He confirmed giving US$5960.00 for phones which he then did not deliver. He also said that the plaintiff was unable to provide clear proof of the phones having been confiscated. He stated that he went to the police and reported the plaintiff on fraud charges when the two failed to settle the issue. He denied having an air time arrangement as he said he has his own shop and buys airtime directly from NetOne. He denied vehemently that the affidavit signed by the plaintiff had been under duress at the police station.

Robson Matore was the last go give evidence. He collaborated the defendant’s testimony to the effect that the arrangement was one where he had teamed up with Musa Banda to buy his phones on the one hand and defendant had teamed up with the plaintiff, Lawrence Manyara on the other. He also shed light that the arrangement was largely one where plaintiff and Musa Banda would bring phones which they put their mark up on and the others would buy the phones and in turn put their own mark up for final resale. The arrangement also involved giving them money for direct purchases of phones. It was in these instances that their travel costs would be contributed to.

Regarding the trip in question where they had been advanced money specifically for the purchase of phones, he stated that he had given Banda $11. 000. 00 to purchase phones whilst the defendant had given the plaintiff US$5960.00. The defendant had borrowed an extra US$200.00 from him as he wanted the plaintiff to also bring him a car radio. He confirmed the defendant and himself had split the ticket costs in half with the plaintiff and Musa Banda.

He also confirmed that upon return they had been told by Musa Banda and the plaintiff that the phones had been confiscated. He said that they did not believe the story as only an email was later produced from China and there was nothing directly from Customs to say that the phones had been confiscated. It was under these circumstances that he and Musa Banda had finally entered into the arrangement where Musa Banda would pay back the money and that the same arrangement had been agreed to between plaintiff and the defendant whereby the plaintiff would pay back the defendant. His explanation was also to the effect hat that the agreement between the plaintiff and the defendant was that the money would be returned or alternatively he would be given his phones. According to Robson Matore, the plaintiff however had reneged on the agreement after he had gone to China on a follow up trip and brought back some phones which were rejected by the defendant. He also explained that each of them had their own business at Gulf complex and that the arrangement was a cost cutting one.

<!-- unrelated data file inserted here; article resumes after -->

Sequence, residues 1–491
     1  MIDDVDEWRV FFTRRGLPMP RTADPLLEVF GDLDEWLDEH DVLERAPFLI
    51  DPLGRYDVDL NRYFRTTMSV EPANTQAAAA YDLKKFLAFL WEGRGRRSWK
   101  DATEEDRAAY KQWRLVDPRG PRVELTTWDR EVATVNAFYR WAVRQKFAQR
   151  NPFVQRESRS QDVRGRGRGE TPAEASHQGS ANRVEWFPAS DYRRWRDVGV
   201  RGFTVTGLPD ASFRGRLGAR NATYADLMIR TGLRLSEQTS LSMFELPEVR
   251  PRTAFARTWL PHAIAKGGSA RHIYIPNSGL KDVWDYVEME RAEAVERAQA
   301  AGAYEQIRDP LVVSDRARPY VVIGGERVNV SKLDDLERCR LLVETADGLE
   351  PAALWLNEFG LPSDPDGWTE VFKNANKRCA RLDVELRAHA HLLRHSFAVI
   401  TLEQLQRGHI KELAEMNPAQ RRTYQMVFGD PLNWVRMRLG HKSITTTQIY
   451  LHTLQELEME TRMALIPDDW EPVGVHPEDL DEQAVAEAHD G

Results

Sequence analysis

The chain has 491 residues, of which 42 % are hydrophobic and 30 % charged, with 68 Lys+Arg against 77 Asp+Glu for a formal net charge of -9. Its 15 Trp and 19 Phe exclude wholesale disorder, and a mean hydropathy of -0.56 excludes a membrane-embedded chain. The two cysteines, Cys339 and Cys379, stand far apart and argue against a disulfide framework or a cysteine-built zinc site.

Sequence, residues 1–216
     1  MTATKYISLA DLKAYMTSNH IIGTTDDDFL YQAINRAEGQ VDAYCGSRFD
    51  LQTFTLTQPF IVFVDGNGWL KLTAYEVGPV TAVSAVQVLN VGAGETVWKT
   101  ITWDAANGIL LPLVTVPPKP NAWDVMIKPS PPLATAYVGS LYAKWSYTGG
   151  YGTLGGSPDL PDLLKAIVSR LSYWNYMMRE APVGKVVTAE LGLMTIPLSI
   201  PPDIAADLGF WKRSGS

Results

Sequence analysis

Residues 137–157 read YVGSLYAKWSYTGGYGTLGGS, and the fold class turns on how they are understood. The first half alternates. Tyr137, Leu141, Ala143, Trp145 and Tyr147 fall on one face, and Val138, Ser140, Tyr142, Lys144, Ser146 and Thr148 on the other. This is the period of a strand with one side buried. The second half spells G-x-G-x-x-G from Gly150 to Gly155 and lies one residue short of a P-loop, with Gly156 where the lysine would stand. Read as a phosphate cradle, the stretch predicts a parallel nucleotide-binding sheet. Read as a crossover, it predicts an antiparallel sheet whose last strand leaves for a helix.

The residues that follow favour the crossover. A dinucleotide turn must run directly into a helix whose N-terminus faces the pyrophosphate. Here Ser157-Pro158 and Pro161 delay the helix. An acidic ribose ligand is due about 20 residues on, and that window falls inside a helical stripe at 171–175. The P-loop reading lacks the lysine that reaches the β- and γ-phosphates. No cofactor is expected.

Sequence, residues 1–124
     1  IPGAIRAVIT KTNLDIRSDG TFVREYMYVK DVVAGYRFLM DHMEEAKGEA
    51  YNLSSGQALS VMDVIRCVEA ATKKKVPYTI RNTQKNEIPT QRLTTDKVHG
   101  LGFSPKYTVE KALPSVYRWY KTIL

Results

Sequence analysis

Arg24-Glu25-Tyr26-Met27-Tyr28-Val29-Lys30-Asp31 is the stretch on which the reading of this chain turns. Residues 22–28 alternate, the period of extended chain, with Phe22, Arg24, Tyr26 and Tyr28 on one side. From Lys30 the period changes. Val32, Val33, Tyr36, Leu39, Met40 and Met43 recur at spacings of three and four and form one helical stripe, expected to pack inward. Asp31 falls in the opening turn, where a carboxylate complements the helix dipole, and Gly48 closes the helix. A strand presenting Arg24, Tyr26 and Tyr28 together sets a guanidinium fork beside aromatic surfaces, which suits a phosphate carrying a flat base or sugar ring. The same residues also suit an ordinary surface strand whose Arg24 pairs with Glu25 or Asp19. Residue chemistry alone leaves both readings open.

Legal and factual analysis

It is against the backdrop of the above facts that this court is called upon primarily to determine whether there was a valid partnership between the plaintiff and the defendant, and also whether the plaintiff is in fact owed more than the defendant is claiming from him.

The essentials of a partnership are that:

  1.  each of the partners brings something into the partnership or binds himself to bring something into it whether it be money, labour, or skill;
  2. the business should be carried on for the joint benefit of both parties; and
  3. the object should be to make profit or some other gain.
  4. the contract should be a legitimate contract

See Rhodesia Railways & Ors v Commissioner of Taxes 1925 AD438-465; Metallion Corp Ltd v Stanmarker Mining (Pvt Ltd) 200 7(1) ZLR 301 at 302 A-B. However, the presence of these essentials is not necessarily conclusive where there is evidence of a contrary intention whether in an agreement or in light of other admissible evidence. (See also Stanmarker Mining (Pvt Ltd) v Metallion Corp Ltd 2006 (1) ZLR at 308F-G). Furthermore, the business need not be a continuous one but can be for a joint venture in respect of a single undertaking as long as the requirements of a partnership are present. (See Pezutto v Dreyer and Others 1992 (3) SA 379 (A). Also as observed by Christie relying on Grotius, ‘profit means net profit and an agreement to share gross returns is not normally a partnership’. [1]

Although a business partnership can be oral or by conduct clearly the presence of a written agreement which details the agreed parameters of the partnership has the advantage of avoiding problems such as in this case, of the difficulty of proving the existence of the partnership in the first place. In casu there was no written agreement with the plaintiff relying on what he variously termed as a “form of understanding” or a “trial agreement” to found his claim. In an economic environment where more and more people are finding ways of complementing their skills in entrepreneurial arrangements but without the knowledge of the formal law that surrounds various types of business formations, suffice it to observe that this in an area where the state and legal service organisations can equally be proactive with legal information dissemination. (See observations made in Deria Mupapa v George Mandeya HH 443/14)